The transition to Disney control wasn’t without casualties, though. One division that was axed was LucasArts, a maker of video games. It was scrapped in favor of a licensing strategy in which Disney charges game makers who want to use characters in Lucasfilm properties. Some mobile game development is still done in-house, however.
Disney has put its mark on the business in other ways. Industrial Light & Magic has expanded its offices in Singapore and Vancouver and opened one in London, responding to industry globalization and the increasing availability of production tax credits. For her part, Kennedy sought to reorganize a top-down structure when it came to the creative side. She formed an 11-member Lucasfilm story group to develop projects consistent with the Star Wars character library and mythology. Before her arrival, the creative process existed inside the head of exactly one person.
“It was George,” said Diana Williams, a member of the group. “George was story.”
The first film of the series, “Star Wars,” was released 40 years ago. With 16 years between the first and second trilogies, and an additional decade between the second and third trilogies, fans found a lot of room to build their own worlds. Kennedy, as part of her creative initiative, was having none of it. She declared the characters and stories from non-film Star Wars projects, such as novels and comic books by independent authors, as non-canon. That rankled some longtime fans and former business partners.
“I don’t quite see the point of repudiating the Expanded Universe,” said Lou Aronica, a former executive at Bantam Books, which published Star Wars novels. “Those stories—especially the original Tim Zahn trilogy—kept fans committed to Star Wars during the long hiatus between films.”
Ironically, if Disney were to acquire 21st Century Fox Inc., a potential deal currently under discussion, it would unite Lucasfilm with the studio that released the first six Star Wars films, giving Disney complete control of Lucas’s legacy.
In her five years running Lucasfilm, Kennedy has sought to tap consumer markets previously ignored by the company. She created ILMxLab, a unit devoted to virtual reality. Its work is evident in a new business venture with Void, a Utah-based entertainment company. At three malls in Anaheim, California, Orlando and London, Void is opening 30-minute virtual reality experiences. For $30, guests put on goggles and computer backpacks and walk through a virtual Star Wars story, blasting stormtroopers, feeling the heat on the molten planet of Mustafar and even smelling the giant lava monsters.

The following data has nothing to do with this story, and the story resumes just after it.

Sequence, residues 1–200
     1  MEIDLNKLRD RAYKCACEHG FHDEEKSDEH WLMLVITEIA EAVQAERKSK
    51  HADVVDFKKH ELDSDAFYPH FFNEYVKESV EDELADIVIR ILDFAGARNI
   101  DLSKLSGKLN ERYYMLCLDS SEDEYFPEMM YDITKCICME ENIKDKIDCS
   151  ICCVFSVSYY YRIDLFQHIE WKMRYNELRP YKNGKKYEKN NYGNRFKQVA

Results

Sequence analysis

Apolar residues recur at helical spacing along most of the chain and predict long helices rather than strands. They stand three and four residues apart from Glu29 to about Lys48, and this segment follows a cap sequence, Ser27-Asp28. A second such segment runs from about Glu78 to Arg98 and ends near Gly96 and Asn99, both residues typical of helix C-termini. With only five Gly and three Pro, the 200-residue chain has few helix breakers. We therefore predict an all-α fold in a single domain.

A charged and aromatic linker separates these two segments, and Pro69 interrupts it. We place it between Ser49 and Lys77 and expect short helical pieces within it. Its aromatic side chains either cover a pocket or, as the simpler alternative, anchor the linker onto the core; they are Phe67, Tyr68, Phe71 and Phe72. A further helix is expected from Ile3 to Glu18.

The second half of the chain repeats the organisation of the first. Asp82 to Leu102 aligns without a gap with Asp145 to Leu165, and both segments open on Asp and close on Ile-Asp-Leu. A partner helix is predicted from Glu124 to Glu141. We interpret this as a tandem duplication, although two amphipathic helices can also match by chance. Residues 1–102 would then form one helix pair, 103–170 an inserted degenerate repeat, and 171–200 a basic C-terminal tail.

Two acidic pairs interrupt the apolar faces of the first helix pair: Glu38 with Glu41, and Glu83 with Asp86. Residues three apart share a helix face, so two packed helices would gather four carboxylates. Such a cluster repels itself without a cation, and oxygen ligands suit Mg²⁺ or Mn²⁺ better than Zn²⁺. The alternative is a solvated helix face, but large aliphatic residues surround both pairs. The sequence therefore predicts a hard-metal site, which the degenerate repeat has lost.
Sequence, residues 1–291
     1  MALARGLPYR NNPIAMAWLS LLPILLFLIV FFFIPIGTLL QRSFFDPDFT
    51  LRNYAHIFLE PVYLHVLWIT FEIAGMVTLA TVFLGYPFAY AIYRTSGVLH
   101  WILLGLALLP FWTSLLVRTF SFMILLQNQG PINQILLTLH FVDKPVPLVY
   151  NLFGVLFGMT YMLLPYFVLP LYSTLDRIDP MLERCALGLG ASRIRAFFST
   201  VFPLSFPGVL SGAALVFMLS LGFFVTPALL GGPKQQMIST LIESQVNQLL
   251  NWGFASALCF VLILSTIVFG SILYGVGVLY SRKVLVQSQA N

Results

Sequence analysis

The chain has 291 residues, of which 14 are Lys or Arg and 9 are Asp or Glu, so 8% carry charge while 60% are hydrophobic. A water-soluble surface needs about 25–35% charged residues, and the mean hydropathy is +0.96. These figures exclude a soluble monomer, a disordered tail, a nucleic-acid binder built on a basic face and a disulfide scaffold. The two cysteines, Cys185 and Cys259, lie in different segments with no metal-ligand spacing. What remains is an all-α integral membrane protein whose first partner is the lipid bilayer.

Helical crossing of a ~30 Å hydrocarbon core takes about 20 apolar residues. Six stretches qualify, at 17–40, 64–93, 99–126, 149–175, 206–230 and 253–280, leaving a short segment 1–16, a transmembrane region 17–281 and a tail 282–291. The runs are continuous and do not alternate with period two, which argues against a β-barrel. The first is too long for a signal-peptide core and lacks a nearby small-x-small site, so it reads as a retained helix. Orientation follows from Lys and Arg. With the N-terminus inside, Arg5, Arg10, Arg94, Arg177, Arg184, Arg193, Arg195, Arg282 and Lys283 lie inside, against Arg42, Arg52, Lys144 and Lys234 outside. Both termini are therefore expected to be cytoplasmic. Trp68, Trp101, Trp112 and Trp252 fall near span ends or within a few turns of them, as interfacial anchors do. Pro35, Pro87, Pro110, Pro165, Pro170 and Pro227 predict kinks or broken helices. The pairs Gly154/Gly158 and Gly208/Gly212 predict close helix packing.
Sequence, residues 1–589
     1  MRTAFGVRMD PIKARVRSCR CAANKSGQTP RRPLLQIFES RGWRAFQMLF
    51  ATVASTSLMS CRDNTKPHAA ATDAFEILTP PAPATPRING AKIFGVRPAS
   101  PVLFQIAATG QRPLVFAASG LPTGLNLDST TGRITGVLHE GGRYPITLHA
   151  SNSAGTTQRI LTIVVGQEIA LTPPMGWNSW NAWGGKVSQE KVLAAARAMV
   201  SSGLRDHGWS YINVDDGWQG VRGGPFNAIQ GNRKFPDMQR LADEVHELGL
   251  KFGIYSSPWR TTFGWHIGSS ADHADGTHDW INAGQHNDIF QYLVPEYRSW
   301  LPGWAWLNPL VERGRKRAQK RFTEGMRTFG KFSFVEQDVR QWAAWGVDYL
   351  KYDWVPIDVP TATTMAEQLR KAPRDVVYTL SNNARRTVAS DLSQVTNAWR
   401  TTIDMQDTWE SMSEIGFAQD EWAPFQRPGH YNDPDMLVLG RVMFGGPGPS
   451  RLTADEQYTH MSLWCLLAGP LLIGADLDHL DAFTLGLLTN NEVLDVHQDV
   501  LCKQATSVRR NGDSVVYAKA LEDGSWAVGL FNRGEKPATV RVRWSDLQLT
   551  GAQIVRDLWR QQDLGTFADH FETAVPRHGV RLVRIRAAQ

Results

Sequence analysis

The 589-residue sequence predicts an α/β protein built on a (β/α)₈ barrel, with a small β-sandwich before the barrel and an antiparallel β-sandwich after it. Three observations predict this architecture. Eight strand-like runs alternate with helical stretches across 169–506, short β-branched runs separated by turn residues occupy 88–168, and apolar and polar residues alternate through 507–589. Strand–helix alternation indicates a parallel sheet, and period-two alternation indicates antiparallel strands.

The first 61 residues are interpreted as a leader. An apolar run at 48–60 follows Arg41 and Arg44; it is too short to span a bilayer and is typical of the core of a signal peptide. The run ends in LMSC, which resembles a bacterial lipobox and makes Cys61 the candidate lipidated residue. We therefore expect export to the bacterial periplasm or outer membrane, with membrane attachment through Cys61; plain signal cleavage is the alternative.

It could be the start of something big, according to Cliff Plumer, Void’s chief executive. “Shopping malls, theater chains, airports, cruise ships, they’re all looking for attractions,” he said.
Lucasfilm’s licensing business has also sought to broaden the base of customers for Star Wars products—taking a brand traditionally known for boys and widening it to include apparel, jewelry and high-end electronics aimed at girls and adults.
“One of our top priorities within our segment is what we call audience expansion,” Jimmy Pitaro, the executive who runs Disney’s consumer products business, said in a September interview.
Toys, malls and jewelry aside, Kennedy’s eye has remained fixed on the core business, where she’s had the most impact. The two Star Wars films released so far by Disney have grossed more than $3 billion. Along the way, Kennedy has made personnel decisions that triggered mild online panic, with fans worrying the films would suffer. For the first Disney installment, “The Force Awakens,” in 2015, writer Michael Arndt was hired and then eased out. More recently, no fewer than three directors were let go before Ron Howard stepped in to helm a planned stand-alone film telling the origin story of Star Wars character Han Solo. It’s scheduled for release on May 25. (“The Force Awakens,” by the way, earned very positive reviews.)
“The Last Jedi,” with its return of the central character from Star Wars lore, Luke Skywalker, looks to continue Lucasfilm’s winning streak, with projections approaching $200 million in its domestic opening weekend alone. The first trailer, released in October, went crazy on YouTube. With what appears to be a passing of the torch to new heroine Rey from now-elder Jedi Knight Skywalker, as played by Mark Hamill, and the obligatory new, cute creatures called Porgs, the film seems to have something for Star Wars fans of all ages and species.
Kennedy’s presence, as both an experienced movie-maker and Lucas’s hand-picked successor, has given the company and its employees a sense of continuity, said Brian Jay Jones, author of “George Lucas: A Life.” But even with five years in, the man who built the legendary tale and the company behind it looms large.
“George gave them a gigantic universe to play with,” Jones said.